I had a message from one of our self-service recipients the other day. He said in a brief email “OK, I’ve got the modem. What now?”. While the Skinny Helpdesk is providing this follow up support, we know many people would much prefer to talk with someone they know in their local communities.
First there was the B315, the Jump modem we have all become very familiar with during the last 3 years. These are still flying out the door and will continue to do so until supplies are exhausted (probably within the next 4-6 weeks). DIAA, together with our Stepping UP partner network, is the exclusive distribution channel for this product. Which means we are also the exclusive distribution channel for replacement modems. B315 customers must report any modems they suspect as faulty to the Skinny Helpdesk. The Helpdesk team will attempt to fix any faults remotely, but if not, they will log the modem as ‘faulty’ and this triggers a request to DIAA to ship a replacement. The faulty modems cannot be repaired and customers receiving a replacement modem are requested to return the faulty unit to their nearest Jump delivery partner (when they open up again after the COVID-19 lockdown). They should be added to the recycling box and eventually returned to Sims for recycling.
Welcome to the B618. This device is initially being used as part of the Ministry of Education’s internet support package for students without a home broadband connection. Approximately 3500 of these have been shipped directly from Ingram Micro (Spark’s hardware supplier) to student homes, using a mailing list supplied by the Ministry of Education. As for the B315’s, customers are to report any faults directly to the Skinny Helpdesk. They will be logged and a request issued to DIAA to issue a replacement. Unlike the B315’s, a return courier bag will be sent with the replacement modem. The modems will be returned to DIAA and then forwarded for repair to Telegistics (Spark’s hardware repair company).
We do not expect partners to provide any support, at least at this stage, for the B618 modems. If you receive any inquiries or requests for support from households with these modems, please direct them to the Skinny Helpdesk (0800 475 4669).
The short answer is yes. In fact this has become such a common request during the COVID-19 lockdown that we have added an extra field in the Application Form to cover this situation. Applicants must still enter the address where they intend to use the Jump modem, as we need this to verify that they do have Skinny wireless coverage, but we have added an optional field as a preferred delivery address.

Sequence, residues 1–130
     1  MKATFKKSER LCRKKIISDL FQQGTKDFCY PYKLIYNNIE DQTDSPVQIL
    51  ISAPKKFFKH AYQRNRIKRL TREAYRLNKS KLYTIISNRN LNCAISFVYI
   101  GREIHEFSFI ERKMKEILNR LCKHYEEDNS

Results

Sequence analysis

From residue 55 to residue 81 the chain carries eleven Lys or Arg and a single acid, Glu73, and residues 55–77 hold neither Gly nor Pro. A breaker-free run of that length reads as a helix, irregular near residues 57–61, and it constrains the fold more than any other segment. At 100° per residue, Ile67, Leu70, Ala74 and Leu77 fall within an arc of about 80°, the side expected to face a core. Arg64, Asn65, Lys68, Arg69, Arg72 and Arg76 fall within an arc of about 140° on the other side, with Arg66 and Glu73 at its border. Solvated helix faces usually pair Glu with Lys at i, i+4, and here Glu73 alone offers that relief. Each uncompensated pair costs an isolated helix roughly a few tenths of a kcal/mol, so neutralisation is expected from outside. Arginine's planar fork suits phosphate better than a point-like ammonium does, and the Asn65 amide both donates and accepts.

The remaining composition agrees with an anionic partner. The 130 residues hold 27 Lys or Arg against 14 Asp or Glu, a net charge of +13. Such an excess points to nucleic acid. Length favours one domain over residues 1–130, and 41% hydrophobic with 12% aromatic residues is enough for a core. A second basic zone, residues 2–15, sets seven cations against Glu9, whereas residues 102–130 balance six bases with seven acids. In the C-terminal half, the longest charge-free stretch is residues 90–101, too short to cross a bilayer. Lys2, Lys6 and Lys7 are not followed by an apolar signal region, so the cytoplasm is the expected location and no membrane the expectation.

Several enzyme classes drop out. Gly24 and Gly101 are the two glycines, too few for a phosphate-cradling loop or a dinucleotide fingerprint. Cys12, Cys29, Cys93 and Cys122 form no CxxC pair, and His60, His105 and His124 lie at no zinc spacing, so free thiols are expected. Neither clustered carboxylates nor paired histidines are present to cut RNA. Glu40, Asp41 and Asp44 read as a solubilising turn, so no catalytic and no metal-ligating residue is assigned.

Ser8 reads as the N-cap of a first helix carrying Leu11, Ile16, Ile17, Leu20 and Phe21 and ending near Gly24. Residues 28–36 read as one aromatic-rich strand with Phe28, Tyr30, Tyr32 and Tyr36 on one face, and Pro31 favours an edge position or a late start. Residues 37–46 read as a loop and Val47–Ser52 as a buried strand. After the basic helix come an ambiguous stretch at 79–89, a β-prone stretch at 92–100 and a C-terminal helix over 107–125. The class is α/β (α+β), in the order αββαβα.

There are many different circumstances where people may choose a different delivery address, but one of the most common has been in rural communities where gates are locked or there is no delivery letter box. To make life easier for the courier, people in these situations have suggested a more accessible address belonging to a family member or friend.
The short answer is yes, but when we receive more than one Jump application from the same email address, this raises a flag in our system for us to investigate further. In a number of cases we have received a separate email from a representative of an organisation checking out that this is OK. For example, one situation involved a small retirement village, and another, special housing for people with disabilities. In both cases, an administrator or support person was preparing the applications on behalf of the people they were caring for. But as the people are living in separate accommodation and will be responsible for managing their own Skinny accounts, we are happy to supply individual modems.
However, when it comes to activating the modems and setting up Skinny accounts, individual emails will be required for each user. This email and password must be accessible by the person who will be responsible for topping up the Jump account each month. Normally this would be the person who is using the Jump service, but we have encountered situations where children are taking responsibility for setting up (and paying for!) Jump internet connections for their elderly parents.
It is not uncommon for more than one Jump request to come from the same physical address. This does raise an alert in our system and we take a close look at why this might be happening. For example, if the request is coming from the same name and email, then we treat this as a duplicate application and simply delete the application. If the application is coming from two different people with the same second name, we suspect this might also be a duplicate and will follow up with a phone call to the family to find out why two modems are required. Almost invariably we have discovered that this is because two people living in the same household have independently applied for a modem, without the other person knowing. So this is easily resolved as well by deleting one of the applications.
The other situation we are encountering is for people or communities sharing a physical address, but with multiple residences. This could be separate accommodation located on the same section or even a family living separately in a caravan (or a tent, as we discovered in one case). Or it could be like a gated community with separate individual dwellings.
In these cases where different people or families are residing at the same address, we accept individual Jump applications.